A weekend in…

Mu­se­ums

Oslo is a city that dates back thou­sands of years, and though what would even­tu­ally be­come the city we know to­day was first es­tab­lished in the year 1040, rem­nants of houses dat­ing back as far as 6000 or even 7000 BC have been found in the area. A sur­prisi

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THE VIKING SHIP MU­SEUM

One of the most fa­mous as­pects of Nor­way is its Viking Age his­tory. The Norse­men trav­elled the world in their in­ge­nious wooden ships and raided, traded and ex­plored. The unique struc­ture of the ships al­lowed them to travel long dis­tances at great speed, and to stay afloat de­spite the nat­u­ral forces they were up against. Some of the world’s best-pre­served Viking ships are on dis­play at The Viking Ship Mu­seum at Bygdøy, hav­ing been used in burial rit­u­als where they were buried along with their late own­ers. In ad­di­tion to the ships Gok­stad, Tune and Ose­berg, you’ll get to see wood carv­ings, art, tools and other arte­facts that have been re­trieved, along with an ed­u­ca­tional film about the Viking Age. A brand-new Viking Age mu­seum will be ready in 2025.

Bus # 30 stops at Vik­ingskipene. The Bygdøyfer­gen ferry takes you from Råd­huskaia to Dron­nin­gen.

NO­BEL PEACE CEN­TER

The No­bel Peace Prize is awarded an­nu­ally and is the only No­bel prize awarded in Nor­way. The No­bel Peace Cen­ter opened in 2005, and show­cases the No­bel Peace Prize, its lau­re­ates and Al­fred No­bel, as well as be­ing a venue for de­bate and re­flec­tion around cur­rent top­ics. The cen­tre is lo­cated in a for­mer rail­way sta­tion at Råd­hus­plassen in Oslo, be­tween the City Hall and Aker Brygge. In ad­di­tion to the ex­hi­bi­tions, the cen­tre hosts pan­els, de­bates, con­certs, con­fer­ences and theatre shows.

All metro lines stop at Na­tion­althe­atret T, a sixminute stroll from the cen­tre.Tram # 12 stops at Aker Brygge.

THE KON-TIKI MU­SEUM

Not only the Vik­ings ex­plored the world – Nor­we­gians through­out the ages have been cu­ri­ous about the world and what lies beyond, as well as how peo­ple ended up where they are. In 1974, Thor Hey­er­dahl sailed a raft of balsa wood from Peru to Poly­ne­sia, sim­ply to see if it were pos­si­ble. The trip was cap­tured on film, and the re­sult was awarded the Academy Award for Best Doc­u­men­tary in 1951. The raft, Kon-Tiki, is on dis­play at the mu­seum, along with Ra II, a ves­sel built of papyrus, which he used to sail from North Africa to the Caribbean. But Hey­er­dahl not only trav­elled; he also did ar­chae­o­log­i­cal ex­ca­va­tions on the Gala­pa­gos Is­lands, Easter Is­land and in Túc­ume, and in ad­di­tion to the ves­sels, the Kon-Tiki Mu­seum con­tains maps, a li­brary of books, and ob­jects from sev­eral of Hey­er­dahl’s ex­pe­di­tions.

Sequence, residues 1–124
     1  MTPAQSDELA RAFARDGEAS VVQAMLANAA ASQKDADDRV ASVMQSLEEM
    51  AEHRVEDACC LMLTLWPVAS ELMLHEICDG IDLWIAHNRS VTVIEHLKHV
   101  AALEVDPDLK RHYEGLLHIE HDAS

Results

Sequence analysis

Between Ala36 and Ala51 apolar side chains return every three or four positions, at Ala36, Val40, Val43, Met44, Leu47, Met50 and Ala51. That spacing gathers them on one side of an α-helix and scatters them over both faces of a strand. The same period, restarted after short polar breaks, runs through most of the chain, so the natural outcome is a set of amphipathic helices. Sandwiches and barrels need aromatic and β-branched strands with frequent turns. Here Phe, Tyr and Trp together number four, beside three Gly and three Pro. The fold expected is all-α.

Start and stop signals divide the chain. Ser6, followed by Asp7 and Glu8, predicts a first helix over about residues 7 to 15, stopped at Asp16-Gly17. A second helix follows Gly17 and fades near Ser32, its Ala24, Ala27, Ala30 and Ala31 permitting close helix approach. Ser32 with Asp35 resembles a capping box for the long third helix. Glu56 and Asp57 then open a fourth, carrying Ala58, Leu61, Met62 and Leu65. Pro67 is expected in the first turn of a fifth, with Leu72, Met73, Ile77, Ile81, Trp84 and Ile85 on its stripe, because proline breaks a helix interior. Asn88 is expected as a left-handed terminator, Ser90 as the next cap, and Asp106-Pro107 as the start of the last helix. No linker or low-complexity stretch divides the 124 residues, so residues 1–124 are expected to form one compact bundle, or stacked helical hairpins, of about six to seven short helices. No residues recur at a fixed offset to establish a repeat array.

Bus # 30 stops at stops at Bygdøynes. Fer­ries run from Råd­huskaia to Bygdøynes.

NOR­WE­GIAN MU­SEUM OF CUL­TURAL HIS­TORY

De­spite Oslo be­ing a mod­ern, ur­ban cap­i­tal, the his­tory of Oslo and Nor­way is a long and fas­ci­nat­ing one. At the Nor­we­gian Mu­seum of Cul­tural His­tory, you get to ex­pe­ri­ence, look at, and learn about it all through ex­ten­sive col­lec­tions of items and arte­facts. In ad­di­tion to tra­di­tional ex­hi­bi­tions, there is an Open-Air Mu­seum with build­ings dat­ing back to the Mid­dle Ages and up to the 20th cen­tury. Here, you get to ex­plore daily life, city and coun­try­side, old and mod­ern, as well as cul­ture, ac­tiv­i­ties and so­cial classes. Vis­i­tors get to ex­pe­ri­ence the var­i­ous lo­cal ar­chi­tec­tural styles and cul­tural tra­di­tions of the Nor­we­gian coun­try­side, old towns and sub­urbs, apart­ment build­ings, and coastal ar­eas through­out the ages. One of the most pop­u­lar build­ings is a stave church from Gol. Built in ap­prox­i­mately 1200, it is among the most iconic Nor­we­gian his­tor­i­cal build­ings. Walk­ing around the Open-Air Mu­seum is like tak­ing a stroll through the his­tory of Nor­way. Bus # 30 stops at Folke­museet.

POPSENTERE­T

Popsentere­t is a mu­seum of Nor­we­gian pop­u­lar mu­sic, dat­ing back to the first com­mer­cial record­ings in 1904, and cov­er­ing pop his­tory up un­til to­day. The mu­seum is interactiv­e, with in­stal­la­tions where you can play and in­ter­act with the mu­sic, rather than just lis­ten to it. And not only does it have the record­ings; the tech­nol­ogy, in­stru­ments, posters, fan arte­facts and mer­chan­dise of var­i­ous bands and artists are also on dis­play. Dif­fer­ent gen­res, styles and decades have their own time cap­sule­like in­stal­la­tions, often fur­nished to re­flect the time or typ­i­cal lis­tener of the spe­cific genre. There’s also a DIY sec­tion, where vis­i­tors get to sing Nor­we­gian hits in a stu­dio, de­sign their own al­bum cov­ers, and get a feel for what it might be like to step out onto a stage in front of a large crowd. Popsentere­t also fre­quently hosts ac­tual con­certs and events, so keep an eye on its cal­en­dar for up­dates.

Trams # 11,12 and 13 stop at Olaf Ryes Plass, a four­minute walk from the mu­seum. Tram # 17 stops at Heim­dals­gata, a two-minute walk away.

 ??  ?? The Viking Ship Mu­seum. ©
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The Viking Ship Mu­seum. © Shut­ter­stock
 ??  ?? The Kon-Tiki Mu­seum. ©
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The Kon-Tiki Mu­seum. © Shut­ter­stock
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© Shut­ter­stock

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